Given that `get_search_form()` is used in both the admin & the front end as well as by themes it was determined that we will look at a uniform search for the 4.6 release.  In the meantime, we will remove the `title` attribute for a quick ‘win’.

    #35187: Remove title attributes: the terms List Table

    The current structure is semantically inaccurate but fixing it will require some design input to rework the list table layout. We have decided to stick with the original plan to remove the title attributes and find solutions for other issues at a later time.

    Accessibility standards for core

    @joedolson posted an updated link to the Accessibility Standards for Core document from last week. https://docs.google.com/document/d/1iySvDJ4duHYt6YlnnjnBNbU5LKAn1uRBMH8FKAfmswE/edit He has asked anyone who is interested to review and make comments.  He will eventually communicate with the core team to get this information into the Core Handbook.

    Documentation

    During the next week I will begin adding sub categories to the sections in this spreadsheet. https://docs.google.com/spreadsheets/d/1tOYzFn9vc7Ff4yGBmDajelrl7XMDUz4PR5H2lB4exI4/edit.

    The hope is to get more of a structure in place to make it easier to contribute.  So that, rather than needing to figure out where content will go you can pick a subcategory page and focus on the content for that page.
    We also discussed consistency as well as what the need to be sure that any of the content we link to from the handbook is vetted by the Accessibility Team as a whole.

    Next meeting

    Next meeting will be in January 11, 2016 at 18:00 UTC

     
  • Jen 5:43 pm on January 4, 2016 Permalink
    Tags: annual survey, contributors   

    2015 Contributor Survey 

    Hi accessibility folks! Thanks for all your hard work and contributions in 2015. Could you contribute few more minutes to fill in the 2015 contributor survey? It will help us establish some baselines around the contributor experience so that we can see how things change over time.

    **This is being posted to all the Make teams, so if you subscribe to a bunch of p2s and keep seeing this post, know that you only need to fill the survey in once, not once per team.**

    The survey is anonymous (so you can be extra honest), all questions are optional (so you can skip any that you don’t want to answer), and we’ll post some aggregate results by the end of January. It took testers 5-10 minutes to complete on average (depends how much you have to say), so I bet you could knock it out right after you read this post! 🙂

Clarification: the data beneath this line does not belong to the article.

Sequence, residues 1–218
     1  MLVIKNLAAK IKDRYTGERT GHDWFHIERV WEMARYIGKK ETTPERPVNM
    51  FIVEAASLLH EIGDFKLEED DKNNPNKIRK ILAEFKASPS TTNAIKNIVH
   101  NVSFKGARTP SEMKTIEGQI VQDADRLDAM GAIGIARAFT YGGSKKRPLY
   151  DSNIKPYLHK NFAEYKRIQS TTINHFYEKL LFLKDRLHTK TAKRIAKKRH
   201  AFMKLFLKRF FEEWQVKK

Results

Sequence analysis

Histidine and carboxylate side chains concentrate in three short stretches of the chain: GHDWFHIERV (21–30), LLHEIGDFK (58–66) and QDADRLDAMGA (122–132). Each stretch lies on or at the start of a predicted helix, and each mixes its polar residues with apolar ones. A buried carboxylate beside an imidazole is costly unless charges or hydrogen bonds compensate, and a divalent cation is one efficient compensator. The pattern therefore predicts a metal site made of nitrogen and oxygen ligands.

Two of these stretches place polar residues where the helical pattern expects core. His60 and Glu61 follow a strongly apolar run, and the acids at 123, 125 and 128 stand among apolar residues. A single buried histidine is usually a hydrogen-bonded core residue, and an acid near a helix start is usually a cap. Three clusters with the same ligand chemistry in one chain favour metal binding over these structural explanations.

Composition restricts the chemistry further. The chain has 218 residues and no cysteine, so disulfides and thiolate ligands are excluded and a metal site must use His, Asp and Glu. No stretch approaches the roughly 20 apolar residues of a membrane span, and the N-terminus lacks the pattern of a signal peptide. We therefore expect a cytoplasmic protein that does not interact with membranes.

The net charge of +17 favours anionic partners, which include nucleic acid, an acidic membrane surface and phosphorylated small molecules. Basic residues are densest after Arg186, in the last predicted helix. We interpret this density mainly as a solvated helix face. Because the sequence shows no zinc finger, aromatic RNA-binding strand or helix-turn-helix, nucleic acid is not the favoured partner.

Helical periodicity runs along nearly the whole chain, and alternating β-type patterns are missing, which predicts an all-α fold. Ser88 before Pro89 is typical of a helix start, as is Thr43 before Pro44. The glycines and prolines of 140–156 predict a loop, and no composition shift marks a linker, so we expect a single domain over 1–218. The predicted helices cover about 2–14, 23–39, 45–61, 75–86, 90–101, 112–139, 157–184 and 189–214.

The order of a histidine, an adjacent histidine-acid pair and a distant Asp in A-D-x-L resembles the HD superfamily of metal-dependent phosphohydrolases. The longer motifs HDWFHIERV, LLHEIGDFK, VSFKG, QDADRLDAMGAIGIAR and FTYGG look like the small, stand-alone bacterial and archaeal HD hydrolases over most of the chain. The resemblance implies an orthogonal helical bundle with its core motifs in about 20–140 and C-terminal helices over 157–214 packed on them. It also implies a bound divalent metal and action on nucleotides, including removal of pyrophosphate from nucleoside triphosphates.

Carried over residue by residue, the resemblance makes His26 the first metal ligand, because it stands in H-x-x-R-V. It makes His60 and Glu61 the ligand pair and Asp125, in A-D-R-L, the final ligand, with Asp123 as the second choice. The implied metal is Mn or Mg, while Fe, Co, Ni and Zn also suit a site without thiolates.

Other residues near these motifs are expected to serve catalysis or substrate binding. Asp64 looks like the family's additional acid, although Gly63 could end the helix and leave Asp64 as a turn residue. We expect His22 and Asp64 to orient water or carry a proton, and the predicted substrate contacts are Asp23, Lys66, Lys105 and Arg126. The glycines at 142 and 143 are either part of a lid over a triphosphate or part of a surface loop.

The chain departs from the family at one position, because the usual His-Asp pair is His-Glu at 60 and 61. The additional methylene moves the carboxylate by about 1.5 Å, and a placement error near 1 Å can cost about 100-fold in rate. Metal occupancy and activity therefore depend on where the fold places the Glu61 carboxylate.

There are two sections of the survey. The first has questions about team involvement, recognition, and event involvement, and is pretty much what you’d expect from an annual survey (which teams did you contribute to, how happy are you as a contributor, etc).

    The second section is about demographics so we can take a stab at assessing how diverse our contributor base is. All questions are optional, but the more information we have the better we can figure out what we need to improve. If there’s some information you’d rather not identify, that’s okay, but please do not provide false information or use the form to make jokes — just skip those questions.

    The survey will be open until January 15, 2016. Whether you have 5 minutes now, or 10 over lunch (or whenever), please take the 2015 contributor survey. Thanks!

    Note: I used polldaddy for the survey and I’m guessing there some accessibility issues. If any of you have trouble accessing the survey, please let me know what the issues are so I can pass it on to the polldaddy developer, and we’ll work out a way for your to respond in the meantime.

     
  • hearvox 9:12 pm on December 28, 2015 Permalink
    Tags: , handbook   

    WP a11y docs list 

    Here’s a collection of all the A11y resources I’ve found at WordPress.org sites (and two Google docs in use for drafting Handbook pages):

    Make WordPress Accessible blog
    https://make.wordpress.org/accessibility/

    Make WordPress Accessible> Accessibility Handbook
    https://make.wordpress.org/accessibility/handbook/